A fictional character like Helen D’Agustino, or a “real life” Secret Service agent, lives their life to fulfill a purpose which is born out of love for others, a love which values those others even more than their own life. And, each working day, they are ready to face danger, injury, and even death because the great love they have for their fellow human beings.

A purpose born out of love for others we have never met, for the memory of those who went before us and for the hope of those who will come after us: this is what today’s Gospel is about. Jesus tells us that he has come “for this hour,” and despite his soul being troubled at leaving his friends and all the blessings of human life on earth, he will do what his Father sent him to do. He will fulfill his purpose.

Early in John’s Gospel, we are told what God’s purpose was in sending Jesus: because he loved the world. Shortly before today’s passage, Jesus tells us that he came so that we could have life, and have it abundantly. And in a passage a little further on, Jesus tells us how he will show us God’s love. He will lay down his life for his friends — for all those who have gone before, and all those who are yet to come. The whole of John’s Gospel is about God’s loving purpose: why he sent his Son to dwell among us, what we can expect because of that love, and how that love will be shown. Today’s words tell us that Jesus’ love for his Father means that he loves us so much that he will fulfill this purpose even at great personal cost: the cost of leaving behind his friends and family, the cost of pain and death. Jesus, the Son of God, stand between us and anything dangerous we have to face. It doesn’t mean that we will never suffer or face physical death. Christians are realists, and we know from experience that we probably will. But our loving Lord doesn’t let us suffer and die alone. He is there, with us, ‘catching the bullet’ before it can get to us. If the real death we have to fear is separation from God, that will never happen to us. The Son of God gave his life for us — suffered that separation from his Father — so that we may always have life in God’s presence, and have it abundantly.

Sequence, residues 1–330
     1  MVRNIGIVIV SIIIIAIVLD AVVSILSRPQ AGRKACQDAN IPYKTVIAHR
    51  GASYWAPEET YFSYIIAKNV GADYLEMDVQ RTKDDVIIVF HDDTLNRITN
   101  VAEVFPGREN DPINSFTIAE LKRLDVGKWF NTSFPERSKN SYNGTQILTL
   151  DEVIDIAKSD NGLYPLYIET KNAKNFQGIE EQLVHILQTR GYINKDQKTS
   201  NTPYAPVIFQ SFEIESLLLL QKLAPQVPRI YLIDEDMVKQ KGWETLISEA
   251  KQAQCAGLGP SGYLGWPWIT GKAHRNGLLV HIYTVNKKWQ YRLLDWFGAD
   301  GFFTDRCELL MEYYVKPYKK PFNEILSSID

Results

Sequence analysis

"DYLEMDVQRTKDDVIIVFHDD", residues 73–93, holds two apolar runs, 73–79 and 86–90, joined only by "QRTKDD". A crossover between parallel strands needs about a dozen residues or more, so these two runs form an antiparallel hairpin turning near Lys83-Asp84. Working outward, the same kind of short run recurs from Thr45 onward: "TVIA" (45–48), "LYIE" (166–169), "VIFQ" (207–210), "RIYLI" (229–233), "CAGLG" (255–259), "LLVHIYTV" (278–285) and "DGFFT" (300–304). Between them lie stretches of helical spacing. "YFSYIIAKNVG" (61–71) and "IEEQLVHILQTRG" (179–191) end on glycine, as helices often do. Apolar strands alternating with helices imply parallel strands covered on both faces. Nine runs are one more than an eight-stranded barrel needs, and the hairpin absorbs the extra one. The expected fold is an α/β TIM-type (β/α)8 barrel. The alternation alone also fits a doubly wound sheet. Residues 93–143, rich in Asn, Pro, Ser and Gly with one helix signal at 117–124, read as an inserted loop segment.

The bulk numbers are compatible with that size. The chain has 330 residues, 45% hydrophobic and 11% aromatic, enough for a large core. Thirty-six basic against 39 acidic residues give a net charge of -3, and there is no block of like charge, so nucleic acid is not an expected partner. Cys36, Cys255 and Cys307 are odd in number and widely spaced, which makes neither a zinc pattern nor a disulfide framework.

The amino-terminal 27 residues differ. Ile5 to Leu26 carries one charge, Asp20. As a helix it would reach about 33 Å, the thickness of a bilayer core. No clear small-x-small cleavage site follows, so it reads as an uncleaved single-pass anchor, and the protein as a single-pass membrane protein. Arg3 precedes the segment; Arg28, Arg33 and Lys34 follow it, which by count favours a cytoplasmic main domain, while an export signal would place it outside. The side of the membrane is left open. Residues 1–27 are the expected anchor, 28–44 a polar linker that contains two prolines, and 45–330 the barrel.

Lent is winding down; next week is Palm Sunday, and then there is Holy Week and Easter. For many of us, the focus of Lent is on sin. Sin is real, and it is what separates us from God. It is something of which we need to be aware. It is part of the reason why we recite Psalm 51 on Ash Wednesday and again today: to remind us that sin is a reality in our life, and that separation from God is a real possibility for us. But sin is only one side of the story of Lent. Repentance is another, and repentance means more than feeling sorry for our specific individual and communal sins, or even for the general category of sin. Repentance means turning to Jesus Christ as our Lord and Savior and trusting in his grace and love. It means joining him in his purpose of showing God’s love in the world, bringing abundant life to those whose lives we touch, and being willing to lay down our lives for others.